Native Valve Endocarditis Caused by Erysipelothrix Rhusiopathiae: Presenting with Refractory Heart Failure and Requiring Surgical Valve Replacement—Report on a Rare Zoonosis
Altibi AM, Khalid M, Kak V, and Patel B. Native Valve Endocarditis Caused by Erysipelothrix Rhusiopathiae: Presenting with Refractory Heart Failure and Requiring Surgical Valve Replacement—Report on a Rare Zoonosis. BMJ Case Rep 2019; 12(12).
BMJ Case Rep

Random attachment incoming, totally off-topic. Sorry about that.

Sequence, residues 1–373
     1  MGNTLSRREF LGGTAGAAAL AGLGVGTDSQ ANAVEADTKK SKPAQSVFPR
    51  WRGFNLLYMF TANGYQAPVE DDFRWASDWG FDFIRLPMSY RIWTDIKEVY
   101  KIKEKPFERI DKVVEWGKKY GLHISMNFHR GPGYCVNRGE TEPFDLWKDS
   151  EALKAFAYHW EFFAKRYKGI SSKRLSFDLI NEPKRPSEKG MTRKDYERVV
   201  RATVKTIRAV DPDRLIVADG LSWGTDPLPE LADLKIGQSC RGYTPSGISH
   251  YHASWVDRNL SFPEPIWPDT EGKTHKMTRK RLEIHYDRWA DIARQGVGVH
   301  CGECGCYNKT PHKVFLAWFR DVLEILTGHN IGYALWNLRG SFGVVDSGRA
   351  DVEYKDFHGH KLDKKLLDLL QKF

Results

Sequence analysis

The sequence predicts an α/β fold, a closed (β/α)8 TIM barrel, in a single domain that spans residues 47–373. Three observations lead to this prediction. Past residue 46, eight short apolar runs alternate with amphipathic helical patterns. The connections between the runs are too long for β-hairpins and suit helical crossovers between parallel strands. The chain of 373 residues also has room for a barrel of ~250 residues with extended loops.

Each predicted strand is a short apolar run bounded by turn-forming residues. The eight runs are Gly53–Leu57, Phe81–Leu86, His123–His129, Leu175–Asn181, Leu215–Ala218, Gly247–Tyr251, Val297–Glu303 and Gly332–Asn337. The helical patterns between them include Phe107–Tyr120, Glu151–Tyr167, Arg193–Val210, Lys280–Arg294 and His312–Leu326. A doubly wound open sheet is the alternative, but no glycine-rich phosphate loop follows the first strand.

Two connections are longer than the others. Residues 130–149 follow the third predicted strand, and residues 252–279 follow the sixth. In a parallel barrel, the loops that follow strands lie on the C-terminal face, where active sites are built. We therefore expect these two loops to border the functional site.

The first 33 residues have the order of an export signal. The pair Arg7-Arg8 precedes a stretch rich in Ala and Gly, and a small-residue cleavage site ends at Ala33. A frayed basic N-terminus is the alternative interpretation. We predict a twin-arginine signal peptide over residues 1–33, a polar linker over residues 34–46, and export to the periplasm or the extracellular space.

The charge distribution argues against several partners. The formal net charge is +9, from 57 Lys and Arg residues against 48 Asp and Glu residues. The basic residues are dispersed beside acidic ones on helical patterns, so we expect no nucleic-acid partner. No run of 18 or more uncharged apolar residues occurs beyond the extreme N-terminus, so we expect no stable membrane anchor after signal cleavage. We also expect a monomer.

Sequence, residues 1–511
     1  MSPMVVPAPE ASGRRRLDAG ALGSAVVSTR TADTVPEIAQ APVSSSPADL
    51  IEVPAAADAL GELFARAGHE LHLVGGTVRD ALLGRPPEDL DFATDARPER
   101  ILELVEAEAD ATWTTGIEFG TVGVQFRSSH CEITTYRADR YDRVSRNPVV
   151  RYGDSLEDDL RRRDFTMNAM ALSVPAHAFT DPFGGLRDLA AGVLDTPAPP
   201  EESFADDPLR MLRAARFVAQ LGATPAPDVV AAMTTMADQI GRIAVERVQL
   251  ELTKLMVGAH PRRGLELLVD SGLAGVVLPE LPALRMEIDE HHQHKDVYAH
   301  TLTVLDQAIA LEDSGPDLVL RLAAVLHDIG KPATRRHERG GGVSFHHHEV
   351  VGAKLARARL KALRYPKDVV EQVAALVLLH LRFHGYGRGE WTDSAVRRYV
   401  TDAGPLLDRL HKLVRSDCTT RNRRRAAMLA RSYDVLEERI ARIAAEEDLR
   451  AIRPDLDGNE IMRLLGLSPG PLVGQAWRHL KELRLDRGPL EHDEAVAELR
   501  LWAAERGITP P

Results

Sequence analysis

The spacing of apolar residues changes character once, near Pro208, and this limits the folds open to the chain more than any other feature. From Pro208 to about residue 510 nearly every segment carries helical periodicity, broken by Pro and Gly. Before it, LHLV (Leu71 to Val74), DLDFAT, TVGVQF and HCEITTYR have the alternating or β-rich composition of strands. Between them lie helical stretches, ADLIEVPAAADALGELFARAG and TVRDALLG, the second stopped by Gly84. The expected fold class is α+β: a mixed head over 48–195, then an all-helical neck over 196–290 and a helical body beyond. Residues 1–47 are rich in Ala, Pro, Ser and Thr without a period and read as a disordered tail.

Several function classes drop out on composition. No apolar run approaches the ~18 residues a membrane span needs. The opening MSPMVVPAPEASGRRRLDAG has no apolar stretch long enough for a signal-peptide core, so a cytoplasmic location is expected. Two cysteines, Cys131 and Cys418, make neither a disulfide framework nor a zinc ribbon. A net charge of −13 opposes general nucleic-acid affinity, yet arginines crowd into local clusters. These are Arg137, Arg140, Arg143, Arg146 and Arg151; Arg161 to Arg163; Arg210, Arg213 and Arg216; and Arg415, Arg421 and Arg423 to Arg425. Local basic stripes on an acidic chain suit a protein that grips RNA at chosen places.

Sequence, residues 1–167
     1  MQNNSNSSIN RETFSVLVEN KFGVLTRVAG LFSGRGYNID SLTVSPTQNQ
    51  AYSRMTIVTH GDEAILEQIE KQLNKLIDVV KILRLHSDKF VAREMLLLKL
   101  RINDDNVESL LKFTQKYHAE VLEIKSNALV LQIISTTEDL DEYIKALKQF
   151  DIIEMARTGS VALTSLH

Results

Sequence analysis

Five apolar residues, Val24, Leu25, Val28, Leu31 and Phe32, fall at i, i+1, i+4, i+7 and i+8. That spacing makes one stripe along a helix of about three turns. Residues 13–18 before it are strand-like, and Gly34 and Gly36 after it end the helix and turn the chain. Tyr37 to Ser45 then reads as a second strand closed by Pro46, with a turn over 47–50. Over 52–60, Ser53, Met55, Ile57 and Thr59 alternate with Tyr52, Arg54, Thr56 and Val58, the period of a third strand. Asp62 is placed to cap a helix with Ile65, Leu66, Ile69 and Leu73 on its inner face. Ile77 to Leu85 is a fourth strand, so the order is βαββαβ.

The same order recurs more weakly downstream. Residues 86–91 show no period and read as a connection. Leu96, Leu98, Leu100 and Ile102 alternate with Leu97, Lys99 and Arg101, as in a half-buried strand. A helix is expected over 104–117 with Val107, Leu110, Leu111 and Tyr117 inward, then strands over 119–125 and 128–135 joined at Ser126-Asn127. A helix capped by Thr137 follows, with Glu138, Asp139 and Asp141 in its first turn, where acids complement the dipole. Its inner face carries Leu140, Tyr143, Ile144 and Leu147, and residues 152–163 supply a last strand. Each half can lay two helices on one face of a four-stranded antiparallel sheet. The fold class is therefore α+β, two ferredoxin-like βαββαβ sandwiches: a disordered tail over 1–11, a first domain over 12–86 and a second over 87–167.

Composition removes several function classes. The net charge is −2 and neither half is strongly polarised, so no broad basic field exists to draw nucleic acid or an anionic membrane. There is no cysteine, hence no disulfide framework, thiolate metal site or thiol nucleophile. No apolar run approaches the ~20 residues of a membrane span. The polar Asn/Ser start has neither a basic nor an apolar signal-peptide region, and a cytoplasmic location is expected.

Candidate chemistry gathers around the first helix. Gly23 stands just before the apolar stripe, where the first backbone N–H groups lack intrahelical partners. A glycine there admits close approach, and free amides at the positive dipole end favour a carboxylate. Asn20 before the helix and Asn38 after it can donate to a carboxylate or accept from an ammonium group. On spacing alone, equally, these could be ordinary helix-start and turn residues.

Erysipelothrix Rhusiopathiae is a Gram-positive bacillus that is ubiquitous in nature. The bacterium is a zoonotic pathogen known to infect wild and domestic animals. Human infections, however, are uncommon and typically present with localised or generalised cutaneous lesions. Systemic infection in the form of bacteraemia with seeding to various organs is the least common form of the disease. Infections in humans tend to be associated with occupational exposure and close contact with animals. Clinical data of a 61-year-old male patient with Gram-positive bacilli bacteraemia and E. Rh usiopathiae-induced endocarditis are presented here. The patient presented with refractory congestive heart failure secondary to severe acute aortic regurgitation mandating surgical valve replacement. The described case has special clinical merit given the lack of fever and leukocytosis, absence of erysipeloid cutaneous manifestations and refractoriness to medical management. E. Rhusiopathiae should be considered in the differential diagnosis for Gram-positive bacilli bacteraemia and endocarditis. In the proper clinical setting, occupational exposure and animal contacts are helpful clues to raise suspicion for this bacillus. The high mortality associated with the pathogen should urge for early identification and initiation of antimicrobial treatment.